It is a further object of the present invention to build such first-stage carcasses such that the bead-region components thereof, namely the annular metallic cores and their respective apex strips, are secured to the carcass-ply with an orientation which is as close as possible to the ultimate orientation they are to assume when the first-stage carcass is subsequently transformed into a second-stage carcass and cured in the form of a torus. Such an orientation is near perpendicular to the common axis of the annular metallic cores and the drum upon which the carcass-ply in cylindrical form is arranged. As a result, the annular metallic cores and their corresponding apex strips need not undergo substantial rotation relative to the carcass-ply when the first-stage carcass is transformed into a second-stage carcass and subsequently cured in the form of a torus, which rotation may otherwise result in bead-region distortion and in a pneumatic tire of unacceptable quality.

It is still another object of the present invention to provide a segmental building drum for pneumatic tires having bead-seats which are entirely rigid and, thereby, have a depth-to-width ratio that does not vary with the expansion and contraction of the segments.

It is an additional object of the present invention to provide a segmental building drum for pneumatic tires having bead-seats which in axial cross-section closely conform to the cross-section (axially of the drum) of the annular metallic cores to be thereby operated upon, and which are capable of turning up the opposite end portions of the carcass-ply around the annular metallic cores into a substantially vertical disposition so that such end portions can subsequently be easily "stitched" to the carcass-ply over the cores.

With the above objects in view, the present invention may be characterized as a building drum for building first-stage, steel-reinforced, radial monoply, pneumatic tire carcasses, whereby a pair of carcass-bead-defining annular metallic cores are secured to the opposite end portions, respectively, of a cylindrically-oriented carcass ply. The drum comprises a circumferential array of drum-forming segments, guide means supporting the segments for radial displacement to and from contracted and expanded dispositions, and shifting means for displacing the segments radially between the contracted and expanded dispositions.

Each of the segments has the same axial extent and terminates at each end in a respective flange projecting radially inwardly, each of the flanges having a respective recess exposed radially outwardly. Corresponding ones of the recesses which are at the same segment end define cooperatively with one another at each such segment end a radially outwardly exposed annular bead-seat. The bead-seats are entirely rigid and, thereby, have a depth-to-width ratio that does not vary with the expansion and contraction of the segments.

Each of the bead-seats in cross-section, axially of the segments, has an arcuate extent sufficient to vertically embrace a respective carcass-bead-defining annular metallic core over approximately 180 of the core. The radial depth of each of the bead-seats measured from the outer surface of the drum to the radially innermost portion of each bead-seat is preferably in excess of three times the radial thickness of the carcass-bead-defining annular metallic core.

BRIEF DESCRIPTION OF THE DRAWINGS

The above and additional objects and advantages of the present invention will be more clearly understood from the following detailed description thereof when read in conjunction with the accompanying drawings, in which:

FIG. 1 is an axially taken cross-sectional view of the drum of the present invention, the upper portion thereof illustrated in an expanded condition and the lower portion thereof illustrated in a contracted condition;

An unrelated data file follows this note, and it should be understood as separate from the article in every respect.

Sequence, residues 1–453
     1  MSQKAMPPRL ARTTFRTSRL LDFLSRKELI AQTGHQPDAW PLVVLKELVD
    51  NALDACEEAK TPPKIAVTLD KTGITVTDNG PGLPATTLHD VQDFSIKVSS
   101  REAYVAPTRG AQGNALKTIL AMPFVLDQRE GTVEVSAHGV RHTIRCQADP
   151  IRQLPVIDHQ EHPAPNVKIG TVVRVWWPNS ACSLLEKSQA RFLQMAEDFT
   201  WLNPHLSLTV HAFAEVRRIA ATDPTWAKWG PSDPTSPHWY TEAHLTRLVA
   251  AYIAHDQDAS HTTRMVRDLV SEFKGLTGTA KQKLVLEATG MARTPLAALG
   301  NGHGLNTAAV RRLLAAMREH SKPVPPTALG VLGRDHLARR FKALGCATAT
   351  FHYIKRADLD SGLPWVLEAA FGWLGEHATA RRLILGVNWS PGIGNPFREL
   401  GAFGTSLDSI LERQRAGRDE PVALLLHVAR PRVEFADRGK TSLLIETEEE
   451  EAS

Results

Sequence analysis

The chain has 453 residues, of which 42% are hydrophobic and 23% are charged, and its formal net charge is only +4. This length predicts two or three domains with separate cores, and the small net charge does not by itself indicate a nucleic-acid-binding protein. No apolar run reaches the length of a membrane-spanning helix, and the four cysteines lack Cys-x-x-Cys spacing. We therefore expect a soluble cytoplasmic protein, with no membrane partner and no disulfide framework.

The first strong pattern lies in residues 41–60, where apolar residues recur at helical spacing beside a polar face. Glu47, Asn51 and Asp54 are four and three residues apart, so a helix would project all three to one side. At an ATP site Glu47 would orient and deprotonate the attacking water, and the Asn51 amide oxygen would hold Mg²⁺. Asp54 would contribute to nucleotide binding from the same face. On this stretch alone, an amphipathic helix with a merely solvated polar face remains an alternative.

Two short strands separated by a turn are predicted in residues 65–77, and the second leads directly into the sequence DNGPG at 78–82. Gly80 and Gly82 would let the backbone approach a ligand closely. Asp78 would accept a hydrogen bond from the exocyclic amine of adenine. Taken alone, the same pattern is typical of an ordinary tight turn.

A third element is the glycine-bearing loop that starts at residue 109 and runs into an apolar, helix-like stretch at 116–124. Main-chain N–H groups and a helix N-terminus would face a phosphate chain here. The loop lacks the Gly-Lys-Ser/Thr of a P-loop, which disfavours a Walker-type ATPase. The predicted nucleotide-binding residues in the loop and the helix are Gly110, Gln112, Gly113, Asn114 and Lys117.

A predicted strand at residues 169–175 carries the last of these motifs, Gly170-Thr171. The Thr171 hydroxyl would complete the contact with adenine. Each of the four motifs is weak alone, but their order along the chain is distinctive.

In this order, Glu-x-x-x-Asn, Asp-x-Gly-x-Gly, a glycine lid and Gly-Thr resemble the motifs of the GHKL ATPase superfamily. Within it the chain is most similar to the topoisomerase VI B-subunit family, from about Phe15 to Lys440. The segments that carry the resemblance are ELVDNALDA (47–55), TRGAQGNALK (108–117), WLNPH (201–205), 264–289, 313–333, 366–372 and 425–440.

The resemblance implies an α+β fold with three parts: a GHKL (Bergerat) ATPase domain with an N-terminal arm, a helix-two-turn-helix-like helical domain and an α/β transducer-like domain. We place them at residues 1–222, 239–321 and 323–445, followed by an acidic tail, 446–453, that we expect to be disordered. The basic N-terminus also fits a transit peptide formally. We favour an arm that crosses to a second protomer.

FIG. 2 is a fragmentary, radially taken cross-sectional view of the drum illustrated in FIG. 1, the upper portion thereof illustrated in an expanded condition, and the lower portion thereof illustrated in a contracted condition; and

FIG. 3 is a schematic, fragmentary, axially taken cross-sectional view of a single one of the drum segments and the association of the bead-seat portion thereof with an annular metallic core and a corresponding apex strip.

DETAILED DESCRIPTION OF THE INVENTION

Referring now to the drawings and more particularly to FIGS. 1 and 2, the present invention relates to a pneumatic tire carcass building drum denoted generally by the reference character 10. The drum 10 includes an axially hollow hub portion 12 which is adapted to be mounted upon a shaft (not shown) for rotating the drum 10. Affixed to the medial region of the hub portion 12 is a pair of annular plates 14 which are stabilized adjacent to their outer periphery by a cylinder 16 which bridges the annular plates 14. Each of the annular plates 14 is provided with an outer annular shoulder 18 in which is formed a radial array of equidistantly spaced slots 20 (FIG. 2). In each of the slots 20, there is slidably confined one of a pair of legs 22 which are fixedly connected to each of a plurality of segments 24 extending in a circumferential array around the hub portion 12. The legs 22, and thus the segments 24, are displaceable radially from a contracted condition as illustrated in the lower portion of each of FIGS. 1 and 2 to an expanded condition as illustrated in the upper portion of each of FIGS. 1 and 2.

Each of the legs 22 is provided with a lug 26 just beneath its corresponding one of the segments 24, each of which lugs 26 is formed with a cut-out 28. Each such cut-out 28, cooperatively with the other cut-outs of the other legs 22 at the same shoulder 18, defines an annular recess in which is confined an annularly arranged tension (coil) spring 30 which functions as a garter to urge all of the segments 24 to a common contracted disposition. Coacting with each spring 30 are a plurality of linearly arranged tension (coil) springs 32, the opposite ends of which springs 32 are secured on the one hand to a respective one of the lugs 26 and on the other hand commonly to the hub portion 12.